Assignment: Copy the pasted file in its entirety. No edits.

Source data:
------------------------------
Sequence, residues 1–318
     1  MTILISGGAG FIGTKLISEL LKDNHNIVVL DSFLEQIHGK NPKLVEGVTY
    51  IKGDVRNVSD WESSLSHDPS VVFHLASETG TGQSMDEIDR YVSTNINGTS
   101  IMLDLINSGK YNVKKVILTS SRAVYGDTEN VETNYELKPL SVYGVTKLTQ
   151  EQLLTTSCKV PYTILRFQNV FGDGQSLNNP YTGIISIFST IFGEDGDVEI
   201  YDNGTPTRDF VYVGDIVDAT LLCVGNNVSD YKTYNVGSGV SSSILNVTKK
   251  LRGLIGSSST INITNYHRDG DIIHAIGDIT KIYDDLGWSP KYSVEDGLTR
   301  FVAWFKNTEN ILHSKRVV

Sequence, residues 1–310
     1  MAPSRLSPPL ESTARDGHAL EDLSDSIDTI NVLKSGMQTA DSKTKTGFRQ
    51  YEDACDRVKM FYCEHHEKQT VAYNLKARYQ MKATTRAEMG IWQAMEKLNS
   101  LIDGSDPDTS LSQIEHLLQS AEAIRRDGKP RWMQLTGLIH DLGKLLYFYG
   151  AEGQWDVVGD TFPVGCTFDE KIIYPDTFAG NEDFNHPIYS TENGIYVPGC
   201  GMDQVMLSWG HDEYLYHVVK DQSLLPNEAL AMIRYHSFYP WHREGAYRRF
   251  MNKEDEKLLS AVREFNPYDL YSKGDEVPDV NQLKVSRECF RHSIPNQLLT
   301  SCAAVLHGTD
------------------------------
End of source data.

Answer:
Sequence, residues 1–318
     1  MTILISGGAG FIGTKLISEL LKDNHNIVVL DSFLEQIHGK NPKLVEGVTY
    51  IKGDVRNVSD WESSLSHDPS VVFHLASETG TGQSMDEIDR YVSTNINGTS
   101  IMLDLINSGK YNVKKVILTS SRAVYGDTEN VETNYELKPL SVYGVTKLTQ
   151  EQLLTTSCKV PYTILRFQNV FGDGQSLNNP YTGIISIFST IFGEDGDVEI
   201  YDNGTPTRDF VYVGDIVDAT LLCVGNNVSD YKTYNVGSGV SSSILNVTKK
   251  LRGLIGSSST INITNYHRDG DIIHAIGDIT KIYDDLGWSP KYSVEDGLTR
   301  FVAWFKNTEN ILHSKRVV

Sequence, residues 1–310
     1  MAPSRLSPPL ESTARDGHAL EDLSDSIDTI NVLKSGMQTA DSKTKTGFRQ
    51  YEDACDRVKM FYCEHHEKQT VAYNLKARYQ MKATTRAEMG IWQAMEKLNS
   101  LIDGSDPDTS LSQIEHLLQS AEAIRRDGKP RWMQLTGLIH DLGKLLYFYG
   151  AEGQWDVVGD TFPVGCTFDE KIIYPDTFAG NEDFNHPIYS TENGIYVPGC
   201  GMDQVMLSWG HDEYLYHVVK DQSLLPNEAL AMIRYHSFYP WHREGAYRRF
   251  MNKEDEKLLS AVREFNPYDL YSKGDEVPDV NQLKVSRECF RHSIPNQLLT
   301  SCAAVLHGTD